Airport Security; Attitudes to Psychosis; Walking Happy
Airport security needs an urgent upgrade according to two psychology professors who have designed and tested a new conversation-based screening method to detect lying passengers.
Home Secretary Theresa May says the UK is facing a terror threat "perhaps greater than it has ever been", and this week's anti-terrorism bill includes tighter airport security. But two psychology professors say current screening methods used at airports, where security agents check the behaviour of passengers for "suspicious signs", need an urgent upgrade.
Professor Tom Ormerod from Sussex University and Coral Dando from the University of Wolverhampton, designed a new conversation-based screening method and when they tested it at international airports, including London Heathrow, they found it was 20 times more effective at catching airline passengers with false cover stories than the traditional "suspicious signs" method.
Claudia Hammond asks them how the results from this study will affect airport security screening.
If you have extremely suspicious thoughts, or you hear voices that other people can't hear, traditionally these are seen as signs of a serious mental illness such as schizophrenia. On Thursday this week a major new report from the British Psychological Society will call for a radical change in the way we think and offer help to people who are experiencing psychosis. Claudia Hammond discusses how our knowledge, attitudes and treatment of psychosis and schizophrenia have changed over the past decade with anti-stigma campaigner for Time to Change, Nikki Mattocks, author of "Eyebrows and Other Fish", Anthony Scally, consultant psychiatrist Dr Shubulade Smith and BPS Report Editor, clinical psychologist Anne Cooke.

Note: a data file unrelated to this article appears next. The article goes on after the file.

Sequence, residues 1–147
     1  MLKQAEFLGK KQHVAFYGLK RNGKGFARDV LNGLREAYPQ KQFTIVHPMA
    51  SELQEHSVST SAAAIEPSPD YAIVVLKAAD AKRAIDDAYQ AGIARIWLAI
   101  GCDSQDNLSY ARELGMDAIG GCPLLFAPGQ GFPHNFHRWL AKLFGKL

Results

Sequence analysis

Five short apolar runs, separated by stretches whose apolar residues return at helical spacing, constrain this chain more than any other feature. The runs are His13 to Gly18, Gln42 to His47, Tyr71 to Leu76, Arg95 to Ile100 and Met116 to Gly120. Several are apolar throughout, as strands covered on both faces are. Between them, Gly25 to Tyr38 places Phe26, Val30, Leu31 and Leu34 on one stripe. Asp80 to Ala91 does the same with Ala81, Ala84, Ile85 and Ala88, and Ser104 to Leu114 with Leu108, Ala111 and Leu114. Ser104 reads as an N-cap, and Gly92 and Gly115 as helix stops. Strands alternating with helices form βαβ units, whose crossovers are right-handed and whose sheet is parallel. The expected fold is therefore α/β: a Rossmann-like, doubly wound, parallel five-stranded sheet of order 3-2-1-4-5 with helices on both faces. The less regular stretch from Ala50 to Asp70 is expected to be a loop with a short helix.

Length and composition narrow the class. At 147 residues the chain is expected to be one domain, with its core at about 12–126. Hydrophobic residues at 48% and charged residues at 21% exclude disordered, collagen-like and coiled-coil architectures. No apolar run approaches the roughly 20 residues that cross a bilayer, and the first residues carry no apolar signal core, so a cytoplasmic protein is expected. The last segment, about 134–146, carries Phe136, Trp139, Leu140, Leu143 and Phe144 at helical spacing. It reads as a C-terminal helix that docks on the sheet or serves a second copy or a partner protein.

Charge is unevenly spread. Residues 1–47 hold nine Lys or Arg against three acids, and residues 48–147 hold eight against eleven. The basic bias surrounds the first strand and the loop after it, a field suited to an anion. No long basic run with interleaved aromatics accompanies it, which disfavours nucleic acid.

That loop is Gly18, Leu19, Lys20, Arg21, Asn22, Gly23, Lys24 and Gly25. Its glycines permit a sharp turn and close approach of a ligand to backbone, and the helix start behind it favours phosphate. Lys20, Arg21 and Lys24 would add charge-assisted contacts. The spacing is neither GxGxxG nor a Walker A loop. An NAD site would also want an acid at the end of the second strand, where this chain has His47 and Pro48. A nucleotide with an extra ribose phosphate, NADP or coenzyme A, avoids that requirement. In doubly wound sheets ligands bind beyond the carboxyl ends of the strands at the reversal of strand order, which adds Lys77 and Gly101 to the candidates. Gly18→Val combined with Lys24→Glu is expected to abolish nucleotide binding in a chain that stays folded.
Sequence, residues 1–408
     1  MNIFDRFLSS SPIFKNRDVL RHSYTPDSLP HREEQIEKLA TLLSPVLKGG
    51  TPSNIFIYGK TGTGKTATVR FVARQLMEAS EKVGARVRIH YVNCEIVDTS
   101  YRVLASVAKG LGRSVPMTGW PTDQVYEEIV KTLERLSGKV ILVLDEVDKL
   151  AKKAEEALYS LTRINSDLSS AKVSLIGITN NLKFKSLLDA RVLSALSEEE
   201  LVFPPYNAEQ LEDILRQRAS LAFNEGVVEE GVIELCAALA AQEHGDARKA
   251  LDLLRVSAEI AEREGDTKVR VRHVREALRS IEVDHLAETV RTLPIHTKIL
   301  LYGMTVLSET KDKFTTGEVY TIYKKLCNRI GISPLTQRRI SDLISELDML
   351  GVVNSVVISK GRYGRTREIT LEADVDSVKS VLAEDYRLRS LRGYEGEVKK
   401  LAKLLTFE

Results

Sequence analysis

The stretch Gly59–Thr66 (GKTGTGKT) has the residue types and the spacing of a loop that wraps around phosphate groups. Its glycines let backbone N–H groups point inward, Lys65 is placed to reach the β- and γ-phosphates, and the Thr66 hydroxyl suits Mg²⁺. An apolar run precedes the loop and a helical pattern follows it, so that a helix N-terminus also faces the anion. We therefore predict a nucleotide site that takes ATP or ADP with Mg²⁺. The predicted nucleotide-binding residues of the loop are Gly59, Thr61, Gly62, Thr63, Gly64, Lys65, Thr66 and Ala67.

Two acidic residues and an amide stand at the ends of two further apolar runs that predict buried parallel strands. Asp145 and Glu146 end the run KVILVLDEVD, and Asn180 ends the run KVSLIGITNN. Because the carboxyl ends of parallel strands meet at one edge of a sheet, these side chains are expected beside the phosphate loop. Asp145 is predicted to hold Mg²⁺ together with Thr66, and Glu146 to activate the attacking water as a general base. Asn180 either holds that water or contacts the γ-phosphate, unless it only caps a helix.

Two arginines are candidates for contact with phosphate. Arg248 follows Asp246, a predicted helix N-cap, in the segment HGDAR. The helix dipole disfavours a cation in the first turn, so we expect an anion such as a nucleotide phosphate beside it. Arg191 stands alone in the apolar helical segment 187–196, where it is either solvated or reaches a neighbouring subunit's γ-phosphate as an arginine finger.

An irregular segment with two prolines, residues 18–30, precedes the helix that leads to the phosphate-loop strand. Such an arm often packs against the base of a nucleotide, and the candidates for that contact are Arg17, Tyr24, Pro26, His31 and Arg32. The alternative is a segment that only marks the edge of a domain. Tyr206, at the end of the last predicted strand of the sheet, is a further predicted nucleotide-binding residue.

Thirty years ago psychologists found that if people were instructed to open their mouths in a smile, their mood improved...even though they didn't know they were smiling. When we feel happy, we smile, and the brain gets so used to this that it seems to happen the other way round too. Now new research suggests the same thing could happen when we walk. Johannes Michalak from Witten Herdecke University in Germany, found that when people were trained to walk in a happy style, their memories became more positive.
Producer: Fiona Hill.
Professors Tom Ormerod and Coral Dando on a new screening tool to detect lying passengers
Attitudes to Psychosis
Anthony Scally, Nikki Mattocks, Anne Cooke and Shubulade Smith on attitudes to psychosis
Professor Johannes Michalak of Witten Herdecke University on how we walk affects memories
- Tue 25 Nov 2014 21:00
- Wed 26 Nov 2014 15:30